In a sports match, suppose it is common knowledge among the coaches of two teams that each believes that his own team has a 2/3 probability of winning its next game against the other team, then the coaches' beliefs cannot be consistent with a common prior. In a consistent model, it can happen that each coach believes that his team has a 2/3 probability of winning, but this difference of beliefs cannot be common knowledge among the coaches. (see Aumann, 1976)

Bayesian Games are general enough?
To describe a situation in which many individuals have substantial uncertainty about one another's information and beliefs, we may have to develop a very complicated Bayesian-game model with large type sets and assume that this model is common knowledge among the players. This result begs the question; is it possible to construct a situation for which there are no sets of types large enough to contain all the private information that players are supposed to have, so that no Bayesian game could represent this situation?
Mertens and Zamir (1985) showed under some technical assumptions, that no such counterexample to the generality of the Bayesian game model can be constructed, because a universal belief space can be constructed that is always big enough to serve as the set of types for each player.
Although constructing an accurate model for any given situation may be extremely difficult, we can at least be confident that no one will ever be able to prove that some specific conflict situation cannot be described by any sufficient complicated Bayesian game.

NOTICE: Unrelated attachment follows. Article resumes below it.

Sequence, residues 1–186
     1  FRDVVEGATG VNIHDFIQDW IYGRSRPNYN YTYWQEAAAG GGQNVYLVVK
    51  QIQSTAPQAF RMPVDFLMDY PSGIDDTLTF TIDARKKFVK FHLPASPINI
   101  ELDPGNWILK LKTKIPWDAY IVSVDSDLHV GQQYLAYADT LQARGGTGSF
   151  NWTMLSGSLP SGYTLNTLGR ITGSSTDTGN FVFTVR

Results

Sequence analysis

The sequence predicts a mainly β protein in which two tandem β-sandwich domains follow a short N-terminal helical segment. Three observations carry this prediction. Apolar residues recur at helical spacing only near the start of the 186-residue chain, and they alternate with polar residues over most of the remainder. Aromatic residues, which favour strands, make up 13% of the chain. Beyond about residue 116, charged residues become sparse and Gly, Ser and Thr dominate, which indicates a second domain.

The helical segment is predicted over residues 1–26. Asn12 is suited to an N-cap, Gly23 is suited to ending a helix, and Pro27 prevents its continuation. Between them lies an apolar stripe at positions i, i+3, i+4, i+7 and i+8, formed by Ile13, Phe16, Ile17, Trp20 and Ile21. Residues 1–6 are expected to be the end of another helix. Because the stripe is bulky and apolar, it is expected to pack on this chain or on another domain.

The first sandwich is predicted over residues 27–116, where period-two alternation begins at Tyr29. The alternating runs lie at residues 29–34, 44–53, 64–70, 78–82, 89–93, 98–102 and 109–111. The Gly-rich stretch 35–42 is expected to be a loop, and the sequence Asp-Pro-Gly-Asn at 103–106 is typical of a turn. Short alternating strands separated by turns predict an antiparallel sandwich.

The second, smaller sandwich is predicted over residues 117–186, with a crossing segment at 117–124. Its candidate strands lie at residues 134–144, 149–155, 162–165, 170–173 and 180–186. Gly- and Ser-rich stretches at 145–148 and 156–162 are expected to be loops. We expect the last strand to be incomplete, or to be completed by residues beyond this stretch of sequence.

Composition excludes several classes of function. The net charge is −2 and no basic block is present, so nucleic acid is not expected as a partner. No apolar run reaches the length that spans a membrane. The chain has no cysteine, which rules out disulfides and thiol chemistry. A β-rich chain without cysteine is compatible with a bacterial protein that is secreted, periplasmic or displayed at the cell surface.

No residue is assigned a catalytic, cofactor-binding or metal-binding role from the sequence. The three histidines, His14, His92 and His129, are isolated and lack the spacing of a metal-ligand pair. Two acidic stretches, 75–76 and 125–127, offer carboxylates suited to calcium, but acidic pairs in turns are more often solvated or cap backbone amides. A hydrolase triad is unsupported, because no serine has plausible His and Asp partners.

Aumann (1976) "Agreeing to Disagree" Annals of Statistics, 4
Harsanyi (1967-68) "Games with Incomplete Information Played by 'Bayesian' Players" Management Science, 14
Mertens and Zamir (1985) "Formulation of Bayesian Analysis for Games with Incomplete Information" IJGT, 14


Quantum game theory

My friends working at University of Tokyo recently published an article about quantum game theory on Journal of Physics.
Yohei Sekiguchi, Kiri Sakahara, and Takashi Sato (2010), "Uniqueness of Nash equilibria in a quantum Cournot duopoly game," Journal of Physics A: Mathematical and Theoretical, Volume 43, Number 14
Here is a link to the article. Congratulations!

Unfortunately, I don't know anything about quantum game theory. According to wikipedia (link), it is explained as follows:
Quantum game theory is an extension of classical game theory to the quantum domain. It differs from classical game theory in three primary ways: